A Healthy Blog

Massachusetts health care — wonky, with a healthy dose of reality

Blue Cross / Tufts Medical Center Impasse - Who's Looking Out for the Patients?

Blue Cross / Tufts Medical Center Impasse - Who's Looking Out for the Patients?

November 16, 2011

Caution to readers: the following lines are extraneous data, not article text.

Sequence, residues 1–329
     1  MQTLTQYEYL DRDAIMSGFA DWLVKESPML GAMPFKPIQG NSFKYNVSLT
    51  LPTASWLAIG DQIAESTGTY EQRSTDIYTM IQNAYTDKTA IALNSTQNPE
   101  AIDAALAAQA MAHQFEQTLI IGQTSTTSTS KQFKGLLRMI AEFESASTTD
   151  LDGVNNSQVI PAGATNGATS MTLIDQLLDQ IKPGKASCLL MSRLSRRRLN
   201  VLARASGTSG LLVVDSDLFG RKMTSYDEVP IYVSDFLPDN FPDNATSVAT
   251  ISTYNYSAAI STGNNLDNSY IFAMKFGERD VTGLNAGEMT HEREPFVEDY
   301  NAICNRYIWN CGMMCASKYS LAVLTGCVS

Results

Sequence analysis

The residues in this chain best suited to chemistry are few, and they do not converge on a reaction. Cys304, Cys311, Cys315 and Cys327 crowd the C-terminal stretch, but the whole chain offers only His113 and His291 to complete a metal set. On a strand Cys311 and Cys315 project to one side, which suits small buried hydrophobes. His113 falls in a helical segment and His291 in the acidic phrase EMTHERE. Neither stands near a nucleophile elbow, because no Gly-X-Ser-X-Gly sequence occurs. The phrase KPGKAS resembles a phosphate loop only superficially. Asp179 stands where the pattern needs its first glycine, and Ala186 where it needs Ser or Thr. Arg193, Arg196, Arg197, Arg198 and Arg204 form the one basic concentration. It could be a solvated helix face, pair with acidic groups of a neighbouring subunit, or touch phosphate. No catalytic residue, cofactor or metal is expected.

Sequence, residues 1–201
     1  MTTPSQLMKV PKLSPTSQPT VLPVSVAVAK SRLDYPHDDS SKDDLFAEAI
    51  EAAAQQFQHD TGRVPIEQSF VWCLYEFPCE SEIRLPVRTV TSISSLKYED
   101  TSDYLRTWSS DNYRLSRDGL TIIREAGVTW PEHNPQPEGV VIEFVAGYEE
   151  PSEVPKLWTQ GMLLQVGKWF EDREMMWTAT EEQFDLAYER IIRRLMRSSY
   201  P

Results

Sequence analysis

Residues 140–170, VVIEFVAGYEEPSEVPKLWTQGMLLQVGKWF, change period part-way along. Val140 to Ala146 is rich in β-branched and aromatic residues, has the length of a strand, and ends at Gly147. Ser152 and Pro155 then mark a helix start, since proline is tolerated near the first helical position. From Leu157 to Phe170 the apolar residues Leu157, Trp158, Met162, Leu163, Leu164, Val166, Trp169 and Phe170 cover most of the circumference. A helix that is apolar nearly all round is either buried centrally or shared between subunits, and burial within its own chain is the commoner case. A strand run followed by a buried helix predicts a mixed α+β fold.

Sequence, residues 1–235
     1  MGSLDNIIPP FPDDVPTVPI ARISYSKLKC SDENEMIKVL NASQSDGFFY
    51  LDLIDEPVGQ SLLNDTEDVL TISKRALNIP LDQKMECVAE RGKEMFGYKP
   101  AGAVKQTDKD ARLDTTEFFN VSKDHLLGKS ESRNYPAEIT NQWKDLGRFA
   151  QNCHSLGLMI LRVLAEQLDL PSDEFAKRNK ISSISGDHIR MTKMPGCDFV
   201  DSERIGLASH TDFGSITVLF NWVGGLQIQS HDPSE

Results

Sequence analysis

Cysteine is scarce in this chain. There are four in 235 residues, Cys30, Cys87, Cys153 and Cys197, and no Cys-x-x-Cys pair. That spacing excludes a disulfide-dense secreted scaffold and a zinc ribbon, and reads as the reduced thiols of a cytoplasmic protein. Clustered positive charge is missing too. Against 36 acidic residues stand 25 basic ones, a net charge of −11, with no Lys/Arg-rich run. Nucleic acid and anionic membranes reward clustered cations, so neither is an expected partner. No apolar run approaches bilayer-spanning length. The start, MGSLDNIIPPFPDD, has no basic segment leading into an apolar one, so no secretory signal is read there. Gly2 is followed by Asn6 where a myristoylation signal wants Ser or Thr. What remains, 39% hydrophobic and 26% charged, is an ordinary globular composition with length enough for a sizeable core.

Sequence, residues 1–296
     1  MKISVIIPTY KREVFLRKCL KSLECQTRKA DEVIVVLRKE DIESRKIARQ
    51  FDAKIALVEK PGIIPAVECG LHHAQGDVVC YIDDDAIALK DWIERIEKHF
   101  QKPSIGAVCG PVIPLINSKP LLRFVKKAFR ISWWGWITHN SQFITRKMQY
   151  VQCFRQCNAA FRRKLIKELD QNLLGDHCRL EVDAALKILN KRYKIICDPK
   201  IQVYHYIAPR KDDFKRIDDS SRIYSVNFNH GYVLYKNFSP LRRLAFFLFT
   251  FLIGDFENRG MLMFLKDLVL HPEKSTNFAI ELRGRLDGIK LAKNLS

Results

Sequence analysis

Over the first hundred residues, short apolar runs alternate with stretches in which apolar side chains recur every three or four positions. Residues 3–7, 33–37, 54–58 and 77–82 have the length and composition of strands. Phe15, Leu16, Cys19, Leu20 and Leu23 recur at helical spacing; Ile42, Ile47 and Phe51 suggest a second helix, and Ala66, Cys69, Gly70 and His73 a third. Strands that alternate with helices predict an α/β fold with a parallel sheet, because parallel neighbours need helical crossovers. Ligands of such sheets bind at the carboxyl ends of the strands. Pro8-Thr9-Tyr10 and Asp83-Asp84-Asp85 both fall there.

Today’s announcement that Tufts Medical Center and its physicians at the New England Quality Care Alliance (NEQCA), and Blue Cross Blue Shield of Massachusetts hit a contracting impasse (see coverage from WBUR, and this personal story, and the Globe story), has our heads spinning. As advocates for creating a more patient centered health care system, we see today’s announcement as both a step in the wrong direction, and a clarion call for a more comprehensive solution to the problem of escalating health care costs. Most importantly for us is our concern about the effect that this will have on the some 130,000 Blue Cross members who depend on Tufts Medical Center for their health care. Consumers are caught in the middle of a fight over which we have no control, yet which will have the direct consequence of disconnecting more than 100,000 of us from the care we depend on. These two critically important members of the Massachusetts health care community -- Tufts and Blue Cross -- went through a similar exercise three years ago, which was also painful, confusing and unnecessarily disruptive to patients and consumers. We are concerned to find ourselves here again, and believe that similar disruptions will be threatened, and perhaps experienced without some sort of systemic response. Health Care For All believes strongly that this is a wake up call about the role that government will have to play to provide consumer protections, rate reviews and, when necessary, perhaps even direct intervention to prevent the outcome that is being threatened today. Is the Tufts contracting request reasonable? Is Blue Cross acting prudently to control costs? Are Tufts’ patients having better outcomes and receiving higher quality care than they are from other providers, so increased or higher rates are justified? We don’t know. What we know is that these two entities are at loggerheads because of money. What we also know is that the contracting price that insurers like Blue Cross and hospitals and physicians like Tufts negotiate is influenced by a whole host of factors that are not directly tied to the cost or quality of the services being delivered. Rather, much of the price reflects the relative market power of the insurers and the hospitals, and the price that the market will bear. That is extraordinarily difficult for consumers, because those factors are beyond our control. At the top of our always ambitious and full policy agenda is to change the way we in Massachusetts pay for and receive health care services. Health Care For All believes that health financing should reward coordinated, high quality care, and should incentivize keeping us well. We see a future with a true health care system, rather than the sick care system we are living in today. Today’s announcement was a sure sign that our system is not healthy or required to act in the best interest of patients. Over 130,000 Massachusetts residents are threatened with feeling the brunt of this disagreement. After tomorrow, the 2011 legislative season will be over, and the legislature can turn to next year's agenda. We know the leadership and staff are working on comprehensive reform legislation. We hope today's news will push them to do their best for the patients and consumers at the heart of health care. -Amy Whitcomb Slemmer Are You Affected?: The HCFA Helpline - 800-272-4232 - is available to help members of Blue Cross who receive care from a Tufts-affiliated clinician. People with questions can also refer to this BCBS web resource, and Tufts Medical Center has set up a site on the issue at www.keepmydoc.org.